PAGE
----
REVIEW: Why The Staith House is reeling diners in from across the North East
When you open a gastro pub at a fish quay, the pressure's on to make your seafood shine.
With nature’s larder on its doorstep, The Staith House has an ocean of ingredients at its disposal and, rightly so, it prides itself on self-sufficiency and utilising local produce.
It’s an ethos that’s attracting diners from across the region to this historic pub, and it was word of mouth that drew me to this corner of North Shields.
Use the term ‘gastro pub’ and you think of stags’ heads on the walls and food served on slate tiles. There’s none of that here. It retains its history as a proper boozer with the welcome addition of a menu that laughs in the face of average pub grub.
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The decor doffs its cap to the site’s history with seafaring trinkets and sepia images of the yesteryear fishing industry on the wall. If you need reminding that welcomes are warm here, there’s even a wood-burning stove to really hammer it home.
Sit at the windowsill, as we did, and you can flick through the many guides The Staith House has featured in since its reinvention at the hands of chef John Calton, which ranges from The Good Pub Guide to the Michelin Eating out in Pubs Guide.
Its bread and butter menu is a fish and meat feast with options such as cod, haddock and whiting fishcakes (£6); game Scotch egg (£6.50) and, peering over to our fellow diners’ table, a whopping great portion of beer-battered fish and chips for £11.50.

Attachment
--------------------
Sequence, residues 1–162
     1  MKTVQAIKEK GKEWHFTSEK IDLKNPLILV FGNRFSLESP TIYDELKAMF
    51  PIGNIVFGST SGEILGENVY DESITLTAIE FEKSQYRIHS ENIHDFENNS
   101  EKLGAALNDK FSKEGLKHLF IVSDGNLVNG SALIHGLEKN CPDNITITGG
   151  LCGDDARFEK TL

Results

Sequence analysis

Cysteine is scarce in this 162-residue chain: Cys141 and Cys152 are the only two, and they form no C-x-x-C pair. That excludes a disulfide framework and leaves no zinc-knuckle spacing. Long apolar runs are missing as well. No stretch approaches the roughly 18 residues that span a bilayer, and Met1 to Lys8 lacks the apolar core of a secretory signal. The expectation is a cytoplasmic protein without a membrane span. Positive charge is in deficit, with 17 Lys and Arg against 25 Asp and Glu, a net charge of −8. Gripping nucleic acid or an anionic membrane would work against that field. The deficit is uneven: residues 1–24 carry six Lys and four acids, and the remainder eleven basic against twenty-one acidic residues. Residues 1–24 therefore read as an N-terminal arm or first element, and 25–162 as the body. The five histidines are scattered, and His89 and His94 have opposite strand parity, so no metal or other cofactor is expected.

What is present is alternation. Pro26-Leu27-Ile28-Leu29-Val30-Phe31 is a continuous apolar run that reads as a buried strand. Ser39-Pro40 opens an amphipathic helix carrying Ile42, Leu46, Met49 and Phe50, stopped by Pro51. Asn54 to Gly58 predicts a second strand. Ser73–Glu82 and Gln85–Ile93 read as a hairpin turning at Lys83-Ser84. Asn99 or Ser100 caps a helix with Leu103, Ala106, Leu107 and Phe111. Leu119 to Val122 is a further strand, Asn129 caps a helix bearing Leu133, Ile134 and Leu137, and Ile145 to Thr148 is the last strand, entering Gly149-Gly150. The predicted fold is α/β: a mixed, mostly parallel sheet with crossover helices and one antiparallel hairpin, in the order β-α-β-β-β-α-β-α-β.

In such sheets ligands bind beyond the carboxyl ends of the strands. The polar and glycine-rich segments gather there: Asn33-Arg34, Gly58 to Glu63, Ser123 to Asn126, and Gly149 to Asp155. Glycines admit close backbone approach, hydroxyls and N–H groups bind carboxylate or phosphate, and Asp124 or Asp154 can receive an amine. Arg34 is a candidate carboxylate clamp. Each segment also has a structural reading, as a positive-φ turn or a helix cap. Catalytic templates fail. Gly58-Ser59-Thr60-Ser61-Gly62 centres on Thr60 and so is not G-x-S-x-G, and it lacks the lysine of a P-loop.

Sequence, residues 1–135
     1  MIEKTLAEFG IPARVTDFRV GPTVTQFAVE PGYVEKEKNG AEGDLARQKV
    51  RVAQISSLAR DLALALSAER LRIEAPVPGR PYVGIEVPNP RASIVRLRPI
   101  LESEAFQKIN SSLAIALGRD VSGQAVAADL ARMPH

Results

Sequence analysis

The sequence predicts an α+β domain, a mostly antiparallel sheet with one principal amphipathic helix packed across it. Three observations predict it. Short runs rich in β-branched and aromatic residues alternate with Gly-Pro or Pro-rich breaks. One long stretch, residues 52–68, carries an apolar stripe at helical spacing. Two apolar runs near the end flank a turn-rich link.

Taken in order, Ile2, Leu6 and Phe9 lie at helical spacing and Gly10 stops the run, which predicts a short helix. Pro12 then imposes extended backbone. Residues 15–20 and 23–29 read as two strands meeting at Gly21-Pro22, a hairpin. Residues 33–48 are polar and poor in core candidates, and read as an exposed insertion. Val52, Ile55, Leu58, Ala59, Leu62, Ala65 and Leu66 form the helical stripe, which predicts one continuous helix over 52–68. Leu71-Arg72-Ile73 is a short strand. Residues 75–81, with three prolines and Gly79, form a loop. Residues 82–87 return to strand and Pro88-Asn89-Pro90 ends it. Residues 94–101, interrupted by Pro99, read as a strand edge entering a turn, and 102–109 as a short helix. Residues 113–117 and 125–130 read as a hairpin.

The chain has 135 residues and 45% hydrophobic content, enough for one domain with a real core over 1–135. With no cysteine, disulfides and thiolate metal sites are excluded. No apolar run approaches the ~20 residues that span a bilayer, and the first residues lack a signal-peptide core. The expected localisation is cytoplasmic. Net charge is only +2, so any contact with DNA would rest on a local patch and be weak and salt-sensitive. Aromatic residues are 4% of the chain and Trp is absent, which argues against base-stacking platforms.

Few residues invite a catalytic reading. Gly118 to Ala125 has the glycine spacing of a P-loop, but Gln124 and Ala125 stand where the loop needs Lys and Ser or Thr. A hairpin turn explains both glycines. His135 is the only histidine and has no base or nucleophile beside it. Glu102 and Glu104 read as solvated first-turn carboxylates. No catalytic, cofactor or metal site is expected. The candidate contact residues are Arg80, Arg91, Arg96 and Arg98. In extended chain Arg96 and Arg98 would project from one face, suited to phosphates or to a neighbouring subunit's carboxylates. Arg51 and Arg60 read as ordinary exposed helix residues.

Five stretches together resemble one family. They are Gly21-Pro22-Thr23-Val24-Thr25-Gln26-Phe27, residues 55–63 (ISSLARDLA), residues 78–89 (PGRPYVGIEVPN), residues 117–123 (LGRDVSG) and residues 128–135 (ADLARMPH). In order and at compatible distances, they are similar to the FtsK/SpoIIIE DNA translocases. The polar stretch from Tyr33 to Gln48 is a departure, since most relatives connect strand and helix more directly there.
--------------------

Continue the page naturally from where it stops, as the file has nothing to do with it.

Feeling flush and with a few hours to spare – you’ll need them, and a stretchy waistband – we chose a tasting menu which has to be pre-booked.
It’s a menu which changes regularly and really gives John a chance to flex his culinary muscles – or should that be mussels.
The number of courses varies too, but ours came in at £50 for a hefty 12 courses (I did warn you about the waistband).
It takes your tastebuds on a foray to the North Sea and beyond with features such as Mackerel tartare served with a twist to the usual oyster with an oyster emulsion and sea buckthorn, followed by Shields crab, served with apple, coriander and artichoke; a magnificent gurnard dish with saffron wax caps, mushrooms and hoisin and a playful take on textures with a dish of smoked haddock, smoked eel, curry, leek, black pudding, bacon and parsley root.
Even the bread was worth writing home about. Though we were verging on being stuffed, we couldn’t resist asking for more of the subtly sweet treacle bread which we lathered in a rich truffle butter.
The meat dishes command your attention too and the Simonburn lamb with parnsip, haggis, sweetbread and watercress was nothing short of a tender triumph.
No wonder Staith House is reeling them in.